Oklahoma residents who seek public assistance from various state agencies will be provided more opportunities to register to vote under the terms of a settlement agreement announced Thursday that would stave off a potential lawsuit over the state’s compliance with federal voting laws. Details of the settlement were released by the Oklahoma State Election Board and several voting rights advocacy groups that had voiced concerns about Oklahoma’s compliance with the 1993 National Voter Registration Act.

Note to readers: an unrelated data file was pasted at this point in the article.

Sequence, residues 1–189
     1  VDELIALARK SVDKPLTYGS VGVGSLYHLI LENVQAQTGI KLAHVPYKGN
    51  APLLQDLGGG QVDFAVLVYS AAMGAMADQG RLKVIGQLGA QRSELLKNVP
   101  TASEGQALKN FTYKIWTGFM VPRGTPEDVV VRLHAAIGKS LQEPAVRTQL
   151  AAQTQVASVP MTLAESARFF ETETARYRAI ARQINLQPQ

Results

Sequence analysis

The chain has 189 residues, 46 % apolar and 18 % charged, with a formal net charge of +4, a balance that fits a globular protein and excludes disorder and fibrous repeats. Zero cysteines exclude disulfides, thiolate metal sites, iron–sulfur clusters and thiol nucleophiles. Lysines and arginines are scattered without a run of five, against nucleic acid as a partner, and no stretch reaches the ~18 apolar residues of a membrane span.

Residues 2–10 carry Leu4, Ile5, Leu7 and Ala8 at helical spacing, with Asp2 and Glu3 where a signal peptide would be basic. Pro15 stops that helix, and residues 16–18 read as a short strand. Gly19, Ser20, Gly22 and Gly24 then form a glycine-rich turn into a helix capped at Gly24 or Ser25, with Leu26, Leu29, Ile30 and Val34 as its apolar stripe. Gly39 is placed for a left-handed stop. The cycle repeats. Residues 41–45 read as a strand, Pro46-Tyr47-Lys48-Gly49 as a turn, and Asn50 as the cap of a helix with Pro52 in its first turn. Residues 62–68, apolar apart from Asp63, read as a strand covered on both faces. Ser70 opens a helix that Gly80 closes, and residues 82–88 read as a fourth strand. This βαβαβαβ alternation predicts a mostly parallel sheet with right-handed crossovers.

“The state of Oklahoma takes compliance with the National Voter Registration Act very seriously,” State Election Board Secretary Paul Ziriax said in a statement. “The steps we’ve taken in implementing this agreement ensure state agencies are following the law and that compliance will be properly monitored.”
Under the federal law, state agencies where people seek public assistance, such as with food stamps or Medicaid, are required to offer voter registration services. But a group of Oklahoma-based nonprofits raised concerns with state election officials last summer that these agencies weren’t providing enough assistance.